• Schmale, R., Christià, A., Seidl, A., & Johnson, E.K. (2010). Developmental changes in infants' ability to cope with dialect variation in word recognition. Infancy, 15, 650-662. doi.org/10.1111/j.1532-7078.2010.00032.x [pdf]

 
Receiving Linguistically Diverse Input
  • Fecher, N., & Johnson, E.K. (2022). Revisiting the talker recognition advantage in bilingual infants. The Journal of Experimental Child Psychology, 214. doi.org/10.1016/j.jecp.2021.105276

  • Fung. P., & Johnson, E.K. (2020). Monolingual and bilingual toddlers’ reliance on the mutual exclusivity principle and statistics to learn colour labels. Proceedings of the 42nd Annual Meeting of the Cognitive Science Society, Toronto, ON. [pdf]

  • Fecher, N., & Johnson, E.K. (2019). Bilingual infants excel at foreign-language talker recognition. Developmental Science, 22(4). doi.org/10.1111/desc.12778 [pdf]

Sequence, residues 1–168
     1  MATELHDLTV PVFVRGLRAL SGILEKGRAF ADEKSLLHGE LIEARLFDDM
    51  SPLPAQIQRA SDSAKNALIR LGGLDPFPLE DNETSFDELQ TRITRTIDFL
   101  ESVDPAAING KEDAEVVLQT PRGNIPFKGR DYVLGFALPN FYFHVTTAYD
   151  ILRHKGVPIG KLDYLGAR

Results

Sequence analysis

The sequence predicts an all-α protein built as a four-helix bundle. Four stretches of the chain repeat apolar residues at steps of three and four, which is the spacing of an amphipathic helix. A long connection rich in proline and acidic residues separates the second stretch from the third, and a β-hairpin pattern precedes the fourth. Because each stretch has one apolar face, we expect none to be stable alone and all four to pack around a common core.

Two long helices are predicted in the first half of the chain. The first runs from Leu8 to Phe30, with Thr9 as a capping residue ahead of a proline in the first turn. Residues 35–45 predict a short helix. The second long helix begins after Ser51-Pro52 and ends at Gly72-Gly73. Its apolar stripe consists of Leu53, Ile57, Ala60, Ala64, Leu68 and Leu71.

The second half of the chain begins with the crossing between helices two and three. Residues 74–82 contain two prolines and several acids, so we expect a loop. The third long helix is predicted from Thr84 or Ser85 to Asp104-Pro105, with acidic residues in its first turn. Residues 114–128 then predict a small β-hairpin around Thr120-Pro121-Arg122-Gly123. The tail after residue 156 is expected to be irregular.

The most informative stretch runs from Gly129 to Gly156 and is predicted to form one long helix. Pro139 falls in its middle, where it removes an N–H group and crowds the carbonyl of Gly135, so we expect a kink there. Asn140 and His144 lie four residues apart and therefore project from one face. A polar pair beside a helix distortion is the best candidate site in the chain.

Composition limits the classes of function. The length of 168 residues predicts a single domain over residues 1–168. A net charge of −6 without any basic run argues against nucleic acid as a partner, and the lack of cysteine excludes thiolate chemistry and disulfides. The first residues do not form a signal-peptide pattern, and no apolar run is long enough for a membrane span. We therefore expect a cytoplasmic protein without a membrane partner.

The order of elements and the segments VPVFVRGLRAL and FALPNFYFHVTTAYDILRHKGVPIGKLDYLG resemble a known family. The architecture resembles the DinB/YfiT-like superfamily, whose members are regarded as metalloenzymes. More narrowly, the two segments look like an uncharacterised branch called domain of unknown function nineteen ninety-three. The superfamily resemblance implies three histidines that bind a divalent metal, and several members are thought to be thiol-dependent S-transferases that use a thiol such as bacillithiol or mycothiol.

• Buckler, H., Oczak-Arsic, S., Siddiqui, N., & Johnson, E.K. (2017). Input matters: speed of word recognition in two-year-olds exposed to multiple accents. Journal of Experimental Child Psychology, 164, 87-100. doi.org/10.1016/j.jecp.2017.06.017 [pdf]

  • Johnson, E.K. (2018). Putting the terms 'monolingual' and 'bilingual' under the microscope. Applied Psycholinguistics, 39(4), 753-756. doi.org/10.1017/S0142716418000206

  • van Heugten, M., & Johnson, E.K. (2017). Input matters: Multi-accent language exposure affects word form recognition in infancy. The Journal of the Acoustical Society of America Express Letters, 142(2), EL196-EL200. doi.org/10.1121/1.4997604 [pdf]

  • van der Feest, S. & Johnson, E.K. (2016). Input driven differences in toddlers' perception of a disappearing phonological contrast. Language Acquisition, 23 (2), 89-111. doi.org/10.1080/10489223.2015.1047096 [pdf]

  • Paquette-Smith, M., & Johnson, E.K. (2015). Spanish-accented English is Spanish to English-learning 5-month-olds. Proceedings of 18th International Congress of Phonetic Sciences, 18. [pdf]